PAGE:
The Met Police is fighting the legal battle to keep files detailing the investigation into the notorious Jack the Ripper case secret because and in their words, ‘To maintain confidentiality for Victorian ‘supergrasses’. The documents are said to include four new suspects for the serial killings which terrorized Whitechapel in 1888 and have become one of the world’s most infamous unsolved cases.

The historic ledgers have 36,000 entries detailing police interaction with informants between 1888 to 1912.

However, Scotland Yard reportedly believes disclosing the names could hinder recruiting and gathering information from modern informants, affecting terrorism investigations – and even lead to the Victorians’ relatives being attacked.

Trevor Marriott, a Ripper investigator and former murder squad detective, has spent three years attempting to obtain uncensored versions of the documents.The ledgers provide details of the police’s dealings with thousands of informants from 1888 to 1912, including some who provided information during the original Ripper investigation.

A sample of about 40 pages from the Scotland Yard ledgers was released to last week’s tribunal, but with the names of informants and other key details blacked out.

According to Mr Marriott, the files contain the names of at least four new suspects, as well as other pieces of evidence.He said: “I believe this to be the very last chance that we may have to solve the mystery of Jack the Ripper.

“To have any possibility of getting near the truth about those horrific crimes we must see what these ledgers contain.“It may be that within them we find the final piece of the jigsaw that would unlock this mystery and lead to the identity of the killer, or killers, albeit 123 years too late.”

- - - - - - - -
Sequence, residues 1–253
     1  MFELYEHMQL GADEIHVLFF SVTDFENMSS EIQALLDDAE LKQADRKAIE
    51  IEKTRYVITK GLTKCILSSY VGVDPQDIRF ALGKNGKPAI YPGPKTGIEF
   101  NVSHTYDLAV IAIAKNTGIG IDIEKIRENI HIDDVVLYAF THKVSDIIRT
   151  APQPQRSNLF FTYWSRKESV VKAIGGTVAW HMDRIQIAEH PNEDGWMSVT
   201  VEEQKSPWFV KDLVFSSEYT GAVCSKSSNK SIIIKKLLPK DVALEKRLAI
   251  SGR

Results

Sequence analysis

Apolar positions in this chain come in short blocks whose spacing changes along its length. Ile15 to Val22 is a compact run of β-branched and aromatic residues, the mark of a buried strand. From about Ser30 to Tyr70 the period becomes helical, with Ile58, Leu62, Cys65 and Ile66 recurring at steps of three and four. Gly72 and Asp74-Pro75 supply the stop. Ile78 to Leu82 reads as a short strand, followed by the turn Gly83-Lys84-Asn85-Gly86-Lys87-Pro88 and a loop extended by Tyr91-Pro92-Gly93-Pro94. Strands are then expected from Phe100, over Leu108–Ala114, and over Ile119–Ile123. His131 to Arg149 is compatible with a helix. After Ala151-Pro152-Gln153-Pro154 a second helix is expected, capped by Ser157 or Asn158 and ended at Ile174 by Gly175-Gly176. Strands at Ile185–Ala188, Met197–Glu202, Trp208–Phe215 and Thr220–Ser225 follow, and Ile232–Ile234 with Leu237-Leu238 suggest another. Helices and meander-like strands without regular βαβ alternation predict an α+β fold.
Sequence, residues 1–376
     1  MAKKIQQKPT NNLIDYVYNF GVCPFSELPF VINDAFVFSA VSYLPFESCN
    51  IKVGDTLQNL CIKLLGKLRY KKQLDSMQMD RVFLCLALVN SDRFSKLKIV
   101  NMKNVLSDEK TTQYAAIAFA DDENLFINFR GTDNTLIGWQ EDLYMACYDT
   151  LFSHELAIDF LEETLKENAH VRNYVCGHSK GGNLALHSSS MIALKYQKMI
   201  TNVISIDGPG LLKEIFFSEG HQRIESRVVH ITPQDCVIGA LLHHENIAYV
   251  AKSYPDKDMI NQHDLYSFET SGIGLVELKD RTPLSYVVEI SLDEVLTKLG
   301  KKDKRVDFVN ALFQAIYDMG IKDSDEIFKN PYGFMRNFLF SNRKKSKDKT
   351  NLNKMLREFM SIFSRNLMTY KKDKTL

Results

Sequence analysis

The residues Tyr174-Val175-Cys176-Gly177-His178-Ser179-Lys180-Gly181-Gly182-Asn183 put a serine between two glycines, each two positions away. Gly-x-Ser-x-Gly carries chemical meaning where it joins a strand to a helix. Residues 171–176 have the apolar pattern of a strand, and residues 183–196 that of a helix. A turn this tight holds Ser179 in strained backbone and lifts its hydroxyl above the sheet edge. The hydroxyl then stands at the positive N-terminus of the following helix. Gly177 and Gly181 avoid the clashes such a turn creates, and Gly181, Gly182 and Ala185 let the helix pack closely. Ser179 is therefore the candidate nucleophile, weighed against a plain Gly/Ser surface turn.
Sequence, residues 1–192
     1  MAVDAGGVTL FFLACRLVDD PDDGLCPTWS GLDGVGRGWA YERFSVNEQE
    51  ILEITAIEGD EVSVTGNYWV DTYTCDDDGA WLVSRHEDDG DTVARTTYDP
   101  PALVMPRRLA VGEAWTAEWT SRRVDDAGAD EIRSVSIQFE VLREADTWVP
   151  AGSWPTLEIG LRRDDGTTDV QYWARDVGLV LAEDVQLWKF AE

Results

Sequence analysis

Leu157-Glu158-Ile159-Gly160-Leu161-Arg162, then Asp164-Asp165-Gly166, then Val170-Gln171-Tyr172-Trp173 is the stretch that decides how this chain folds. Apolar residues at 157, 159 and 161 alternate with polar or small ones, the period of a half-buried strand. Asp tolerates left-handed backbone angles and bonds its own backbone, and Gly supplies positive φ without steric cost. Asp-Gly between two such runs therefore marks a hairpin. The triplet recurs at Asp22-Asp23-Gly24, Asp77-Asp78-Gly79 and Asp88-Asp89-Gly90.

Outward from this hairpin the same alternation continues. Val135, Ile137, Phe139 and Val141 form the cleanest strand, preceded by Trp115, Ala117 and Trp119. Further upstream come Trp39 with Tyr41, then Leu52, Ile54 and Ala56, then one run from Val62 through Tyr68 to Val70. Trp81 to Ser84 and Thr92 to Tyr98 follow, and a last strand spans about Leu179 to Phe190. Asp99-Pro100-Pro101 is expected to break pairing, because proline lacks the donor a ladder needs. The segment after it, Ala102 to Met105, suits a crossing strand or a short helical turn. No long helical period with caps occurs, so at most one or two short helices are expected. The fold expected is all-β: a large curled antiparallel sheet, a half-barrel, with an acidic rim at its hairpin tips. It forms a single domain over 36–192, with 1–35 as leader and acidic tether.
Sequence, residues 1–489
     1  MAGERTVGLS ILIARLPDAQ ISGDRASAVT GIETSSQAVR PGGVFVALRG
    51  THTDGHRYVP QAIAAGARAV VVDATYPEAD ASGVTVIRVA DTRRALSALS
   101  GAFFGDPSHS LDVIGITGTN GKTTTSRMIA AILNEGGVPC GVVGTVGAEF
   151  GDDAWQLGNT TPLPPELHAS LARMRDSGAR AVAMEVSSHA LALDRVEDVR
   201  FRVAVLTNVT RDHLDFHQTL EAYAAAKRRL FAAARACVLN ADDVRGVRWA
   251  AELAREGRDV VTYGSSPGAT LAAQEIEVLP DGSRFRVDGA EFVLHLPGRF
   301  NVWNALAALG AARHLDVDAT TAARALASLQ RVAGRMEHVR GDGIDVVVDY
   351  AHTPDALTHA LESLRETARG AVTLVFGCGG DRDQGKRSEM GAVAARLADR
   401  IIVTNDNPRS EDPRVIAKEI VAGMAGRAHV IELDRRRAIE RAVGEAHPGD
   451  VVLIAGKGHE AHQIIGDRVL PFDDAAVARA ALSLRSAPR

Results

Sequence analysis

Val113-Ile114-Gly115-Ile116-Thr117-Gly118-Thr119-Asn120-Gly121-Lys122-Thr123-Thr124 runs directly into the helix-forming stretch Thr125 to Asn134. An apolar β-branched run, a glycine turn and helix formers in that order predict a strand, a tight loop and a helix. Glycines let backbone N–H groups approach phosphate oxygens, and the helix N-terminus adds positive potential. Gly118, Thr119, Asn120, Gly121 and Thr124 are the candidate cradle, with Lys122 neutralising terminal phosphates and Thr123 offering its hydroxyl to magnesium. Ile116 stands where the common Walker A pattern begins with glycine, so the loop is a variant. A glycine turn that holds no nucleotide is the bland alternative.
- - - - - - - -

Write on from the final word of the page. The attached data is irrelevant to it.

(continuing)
Jack the Ripper slaughtered at least five women between August and November 1888 in the slums of Whitechapel, east London, but various experts have claimed other murders may have been committed by the killer on earlier and later dates.

The police made several mistakes in the inquiry and detection techniques of the time were basic – with no fingerprinting and science unable even to distinguish between animal and human blood.
As a result, there is no conclusive evidence to point to the true identity of Jack the Ripper and the case remains one of the world’s great unsolved mysteries. Among a long list of possible suspects are Queen Victoria’s grandson the Duke of Clarence, who died in an asylum in 1892, and the painter Walter Sickert.

Mr Marriott, who joined Bedfordshire Police in 1970 and worked as a detective constable until the mid-1980s, began researching the Jack the Ripper case in 2003. He has previously published one book on the subject which put forward the name of Carl Feigenbaum, a German merchant executed for the murder of a woman in New York, as a new suspect.